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Tag Archive

5 Easy Ways to Display Syntax Highlighted PHP Code

A great to way to share your PHP code with visitors is to display it directly in the browser with automatically generated syntax highlighting. Here is a screenshot showing an example of syntax-highlighted PHP code: Displaying your PHP scripts in syntax-highlighted form is an excellent way to share source code details directly with your readers. Rather than zipping the script and requiring users to download, unzip, and open the file in an editor, displaying your code directly saves you and your visitors time, effort, and hassle. Plus, in my opinion, looking at syntax-highlighted PHP code is a beautiful sight, day […] Read more »

Protect Your Site Against UserCash and Other Scumbags

In this brief article I explain the atrocity that is UserCash and then provide the JavaScript needed to protect your site. What is UserCash? UserCash is an online advertising program that uses redirects and frames to exploit your site with advertisements. UserCash customers link to target sites using rewritten URL’s generated via the UserCash “generator/compiler.” There are two types of these rewritten UserCash links: Links that use frames to create banner-like ads above your pages Links that use frames to deploy landing-page ads before your pages Read more »

How to Add Meta Noindex to Your Feeds

Want to make sure that your feeds are not indexed by Google and other compliant search engines? Add the following code to the channel element of your XML-based (RSS, etc.) feeds: <xhtml:meta xmlns:xhtml=”http://www.w3.org/1999/xhtml” name=”robots” content=”noindex”></xhtml:meta> Here is an example of how I use this tag for Perishable Press feeds (vertical spacing added for emphasis): Read more »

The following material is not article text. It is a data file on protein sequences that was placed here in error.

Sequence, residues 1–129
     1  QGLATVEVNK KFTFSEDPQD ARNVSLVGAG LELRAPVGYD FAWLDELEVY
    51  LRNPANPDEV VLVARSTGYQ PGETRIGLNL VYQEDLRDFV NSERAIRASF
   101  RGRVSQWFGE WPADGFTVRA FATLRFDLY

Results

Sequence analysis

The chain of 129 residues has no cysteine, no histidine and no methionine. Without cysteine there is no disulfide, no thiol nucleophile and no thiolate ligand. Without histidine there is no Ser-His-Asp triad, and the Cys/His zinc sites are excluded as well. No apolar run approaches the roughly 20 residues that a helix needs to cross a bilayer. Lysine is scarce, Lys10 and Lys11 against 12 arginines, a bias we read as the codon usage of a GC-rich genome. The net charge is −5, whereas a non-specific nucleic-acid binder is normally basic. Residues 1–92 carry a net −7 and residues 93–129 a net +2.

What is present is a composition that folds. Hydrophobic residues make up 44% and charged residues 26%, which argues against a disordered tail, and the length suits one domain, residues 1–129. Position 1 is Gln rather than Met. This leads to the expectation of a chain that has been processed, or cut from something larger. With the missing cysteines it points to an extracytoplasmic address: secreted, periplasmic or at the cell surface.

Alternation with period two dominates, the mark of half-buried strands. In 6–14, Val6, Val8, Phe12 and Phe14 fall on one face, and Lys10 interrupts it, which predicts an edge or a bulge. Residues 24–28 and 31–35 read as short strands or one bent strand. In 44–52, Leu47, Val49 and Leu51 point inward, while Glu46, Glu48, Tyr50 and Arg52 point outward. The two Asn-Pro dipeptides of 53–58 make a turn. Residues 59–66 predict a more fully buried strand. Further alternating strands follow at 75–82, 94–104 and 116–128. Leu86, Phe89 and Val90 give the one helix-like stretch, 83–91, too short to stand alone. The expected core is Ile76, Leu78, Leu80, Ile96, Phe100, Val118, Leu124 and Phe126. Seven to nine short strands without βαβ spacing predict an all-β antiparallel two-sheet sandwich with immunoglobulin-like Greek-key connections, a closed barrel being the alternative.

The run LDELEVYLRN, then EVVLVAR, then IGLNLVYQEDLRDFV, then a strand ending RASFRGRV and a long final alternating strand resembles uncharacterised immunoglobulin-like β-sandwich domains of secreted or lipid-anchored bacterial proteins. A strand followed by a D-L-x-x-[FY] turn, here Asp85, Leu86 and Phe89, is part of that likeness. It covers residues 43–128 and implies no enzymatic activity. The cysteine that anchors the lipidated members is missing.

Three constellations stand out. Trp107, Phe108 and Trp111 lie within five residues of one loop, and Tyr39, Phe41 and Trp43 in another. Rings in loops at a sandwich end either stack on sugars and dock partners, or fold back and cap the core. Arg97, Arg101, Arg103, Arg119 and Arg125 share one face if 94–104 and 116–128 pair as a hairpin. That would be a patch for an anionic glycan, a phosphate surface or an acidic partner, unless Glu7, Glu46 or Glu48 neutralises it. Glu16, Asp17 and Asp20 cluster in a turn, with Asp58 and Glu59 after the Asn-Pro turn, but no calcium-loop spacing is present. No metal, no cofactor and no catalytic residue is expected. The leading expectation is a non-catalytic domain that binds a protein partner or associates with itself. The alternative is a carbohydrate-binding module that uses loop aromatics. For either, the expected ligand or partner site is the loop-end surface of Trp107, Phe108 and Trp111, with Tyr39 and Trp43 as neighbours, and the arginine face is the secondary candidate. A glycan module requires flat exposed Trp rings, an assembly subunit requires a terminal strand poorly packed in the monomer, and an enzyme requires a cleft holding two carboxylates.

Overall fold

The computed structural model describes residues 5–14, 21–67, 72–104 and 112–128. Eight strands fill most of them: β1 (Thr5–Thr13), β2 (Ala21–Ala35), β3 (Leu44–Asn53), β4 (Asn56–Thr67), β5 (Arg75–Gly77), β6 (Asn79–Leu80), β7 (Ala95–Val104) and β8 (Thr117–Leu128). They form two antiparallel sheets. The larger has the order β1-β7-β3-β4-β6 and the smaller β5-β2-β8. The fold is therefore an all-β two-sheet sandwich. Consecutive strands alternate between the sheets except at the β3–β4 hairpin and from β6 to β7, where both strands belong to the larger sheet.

Stupid htaccess Trick: Enable File or Directory Access to Your Password-Protected Site

In this brief tutorial, we are going to enable users to access any file or directory of a site that is password-protected via htaccess. There are many reasons for wanting to employ this technique, including: Share public resources from an otherwise private site Enable visitors to access content during site maintenance Testing and formatting of layout and design during development As a webmaster, I have used this technique on several occasions. This trick works great for allowing access to any number of files, directories, and/or combination of both. We will begin with a generalized example, proceed with an explanatory discussion, […] Read more »

Hacking WordPress: The Ultimate Nofollow Blacklist

Several days ago, I posted an article explaining how to hack your own WordPress nofollow blacklist. Immediately thereafter, I published an elaborate article focusing on automatic methods of nofollow blacklisting via WordPress plugins. In this article, I expand on the original blacklist hack by incorporating functional differentiation between commentator links, trackbacks, and pingbacks. If anything, think of this as an exercise in hacking WordPress, rewarding in and of itself, if not otherwise entirely impractical. Of course, whenever possible, you should avoid hacking the WordPress core and install a plugin instead. ;) Nonetheless, it’s so much fun to hack that we […] Read more »